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Enable SSH Access on VMware ESXi 4 (vSphere)

After installing VMware ESXi 4 (otherwise known as VMware vSphere), you will find that there doesn’t seem to be a method to actually get into the system, and edit any configuration files. All the configuration should be done via the VMware vSphere Client, vCenter, or another VMware utility, but sometimes there might be times where the only option is to get dirty, and edit configuration files manally. Thankfully ESXi/vSphere provides the ability to do it, however they call it “Tech Support Mode”, and as such, they make it known that the “Tech Support Mode” is not supported unless used in consultation with VMware tech support.

By default, the SSH service is disabled, so if you do end up needing to get access to the console (either with VMware tech support, or without), you must do it physically infront of the server. Im most cases where ESXi/vSphere will be being used, is in the data centre, and its not always easy to get physical access to the server, so this article will make it possible to connect in remotely.

Start by going to the physical ESXi/vSphere server. The screen should have the ESXi status screen on the monitor. From here, hold down the alt key on the keyboard, and press the F1 key. This will bring you to a virtual terminal. It should look like the following picture.

Anything you type on the keyboard here will not output on the screen.

Type “unsupported” and hit Enter. This will kick off the unsupported console session, and ask you for a password.

Again, you wont be able to see the password being typed in. Type the “root” password which would have been set by you, and hit Enter.

You will now be presented with a message from VMware about how this is a unsupported feature.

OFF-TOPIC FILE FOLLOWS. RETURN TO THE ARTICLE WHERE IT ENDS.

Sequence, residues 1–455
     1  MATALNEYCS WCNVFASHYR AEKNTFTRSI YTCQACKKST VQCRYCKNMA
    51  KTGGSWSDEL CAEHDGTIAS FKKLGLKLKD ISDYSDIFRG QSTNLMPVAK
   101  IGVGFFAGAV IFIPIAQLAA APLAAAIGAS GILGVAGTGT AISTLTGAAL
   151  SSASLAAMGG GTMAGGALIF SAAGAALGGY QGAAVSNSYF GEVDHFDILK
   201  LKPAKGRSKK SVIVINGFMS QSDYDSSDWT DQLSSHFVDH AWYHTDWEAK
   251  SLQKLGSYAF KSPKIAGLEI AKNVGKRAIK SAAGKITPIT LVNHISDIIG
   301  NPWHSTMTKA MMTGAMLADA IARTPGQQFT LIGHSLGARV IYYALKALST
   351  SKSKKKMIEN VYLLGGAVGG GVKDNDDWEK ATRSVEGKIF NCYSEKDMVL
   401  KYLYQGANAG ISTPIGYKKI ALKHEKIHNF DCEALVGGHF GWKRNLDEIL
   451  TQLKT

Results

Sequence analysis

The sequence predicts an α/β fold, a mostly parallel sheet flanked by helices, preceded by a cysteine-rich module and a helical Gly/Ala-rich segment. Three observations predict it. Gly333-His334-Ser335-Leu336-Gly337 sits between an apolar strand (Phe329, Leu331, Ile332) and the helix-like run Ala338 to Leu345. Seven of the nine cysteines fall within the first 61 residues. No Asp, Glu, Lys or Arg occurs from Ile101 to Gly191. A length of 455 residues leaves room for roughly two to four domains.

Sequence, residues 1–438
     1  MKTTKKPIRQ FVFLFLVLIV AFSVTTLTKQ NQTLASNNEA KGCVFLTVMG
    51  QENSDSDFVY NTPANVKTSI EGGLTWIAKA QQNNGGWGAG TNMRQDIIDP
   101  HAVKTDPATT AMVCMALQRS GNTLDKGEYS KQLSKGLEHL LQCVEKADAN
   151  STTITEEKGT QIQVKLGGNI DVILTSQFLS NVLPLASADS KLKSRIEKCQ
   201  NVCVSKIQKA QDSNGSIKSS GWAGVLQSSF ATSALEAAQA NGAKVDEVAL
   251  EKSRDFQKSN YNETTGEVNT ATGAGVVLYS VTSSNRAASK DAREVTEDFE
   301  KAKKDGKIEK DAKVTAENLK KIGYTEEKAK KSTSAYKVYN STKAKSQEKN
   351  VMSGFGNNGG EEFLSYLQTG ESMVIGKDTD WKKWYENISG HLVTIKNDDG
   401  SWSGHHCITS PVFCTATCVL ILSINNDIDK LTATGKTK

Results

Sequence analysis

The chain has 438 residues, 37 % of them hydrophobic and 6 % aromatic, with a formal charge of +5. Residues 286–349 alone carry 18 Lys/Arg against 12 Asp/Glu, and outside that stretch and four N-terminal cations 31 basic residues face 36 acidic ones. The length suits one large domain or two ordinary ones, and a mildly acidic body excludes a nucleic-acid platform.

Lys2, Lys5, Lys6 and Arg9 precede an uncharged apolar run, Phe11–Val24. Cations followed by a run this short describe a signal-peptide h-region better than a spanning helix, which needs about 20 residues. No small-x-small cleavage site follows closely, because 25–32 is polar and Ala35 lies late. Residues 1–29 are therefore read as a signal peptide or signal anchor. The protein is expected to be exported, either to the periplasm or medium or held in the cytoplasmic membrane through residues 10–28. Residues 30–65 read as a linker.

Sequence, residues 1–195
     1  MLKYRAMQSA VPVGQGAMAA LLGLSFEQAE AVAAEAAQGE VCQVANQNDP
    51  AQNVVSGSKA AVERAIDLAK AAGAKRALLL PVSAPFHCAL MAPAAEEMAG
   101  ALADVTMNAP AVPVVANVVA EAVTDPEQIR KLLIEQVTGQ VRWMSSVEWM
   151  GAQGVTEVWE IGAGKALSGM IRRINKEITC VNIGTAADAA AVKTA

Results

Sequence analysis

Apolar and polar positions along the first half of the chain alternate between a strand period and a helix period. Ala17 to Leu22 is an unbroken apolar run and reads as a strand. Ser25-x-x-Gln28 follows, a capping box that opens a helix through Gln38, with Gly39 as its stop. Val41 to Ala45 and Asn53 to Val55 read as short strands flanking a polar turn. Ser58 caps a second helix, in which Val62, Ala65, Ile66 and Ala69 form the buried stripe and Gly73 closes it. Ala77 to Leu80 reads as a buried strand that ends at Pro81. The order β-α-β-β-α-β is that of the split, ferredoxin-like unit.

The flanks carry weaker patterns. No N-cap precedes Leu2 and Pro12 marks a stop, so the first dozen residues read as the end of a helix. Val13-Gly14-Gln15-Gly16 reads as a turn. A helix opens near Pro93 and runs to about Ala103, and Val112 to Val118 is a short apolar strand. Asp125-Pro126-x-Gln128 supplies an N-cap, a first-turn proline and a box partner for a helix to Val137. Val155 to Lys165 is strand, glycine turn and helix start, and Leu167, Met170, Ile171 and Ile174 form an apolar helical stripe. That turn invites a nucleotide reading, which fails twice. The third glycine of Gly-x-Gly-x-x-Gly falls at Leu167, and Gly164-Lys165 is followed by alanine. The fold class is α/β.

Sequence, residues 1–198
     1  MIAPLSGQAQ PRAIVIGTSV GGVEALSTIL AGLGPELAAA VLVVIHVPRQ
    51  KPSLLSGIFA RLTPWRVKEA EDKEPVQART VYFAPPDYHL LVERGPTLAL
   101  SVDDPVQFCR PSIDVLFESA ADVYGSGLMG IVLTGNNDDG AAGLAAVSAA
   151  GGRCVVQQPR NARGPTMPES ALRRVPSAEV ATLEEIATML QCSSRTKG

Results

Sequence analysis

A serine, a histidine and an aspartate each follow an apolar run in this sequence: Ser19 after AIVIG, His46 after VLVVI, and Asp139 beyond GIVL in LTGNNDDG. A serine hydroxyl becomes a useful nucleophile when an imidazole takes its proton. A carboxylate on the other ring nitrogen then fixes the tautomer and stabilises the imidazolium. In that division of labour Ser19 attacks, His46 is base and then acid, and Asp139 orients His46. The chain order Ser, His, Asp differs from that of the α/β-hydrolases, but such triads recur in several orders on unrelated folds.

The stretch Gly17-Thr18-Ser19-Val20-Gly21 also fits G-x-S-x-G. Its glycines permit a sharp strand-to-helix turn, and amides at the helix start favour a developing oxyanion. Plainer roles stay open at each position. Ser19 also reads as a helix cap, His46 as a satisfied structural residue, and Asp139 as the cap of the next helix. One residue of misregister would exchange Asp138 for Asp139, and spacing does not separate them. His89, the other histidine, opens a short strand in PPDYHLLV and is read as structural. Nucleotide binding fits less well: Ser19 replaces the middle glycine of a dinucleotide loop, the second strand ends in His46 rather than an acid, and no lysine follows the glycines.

Once you have this console session going, its time to enable SSH access.

Type “vi /etc/inetd.conf” to open up the config file that we need to change.

Once the file opens, scroll down using pageup/page down, and the arrow keys, and find the line starting with “#ssh”. The “#” character at the start of this line means that it is simply a comment, and will be ignored.

Make sure the cursor is at the beginning of the first SSH line, and press the delete key to delete the “#” character. Only the first SSH line needs to be un-commented, unless you explicitly need access to the SSH server using IPv6.

To save the changes, type in “:wq” and hit enter. The command will display down the bottom of the screen as you type it.

Now that the configuration file has been modified, you will need to reboot the server for the changes to take effect. Simply type “reboot” and press enter.

After the system has rebooted, you should be able to use a SSH client, and remotely connect into the ESXi/vSphere host.

Please note that you will need to log in via SSH using the “root” username. The “unsupported” method only works from the physical console of the ESXi server.



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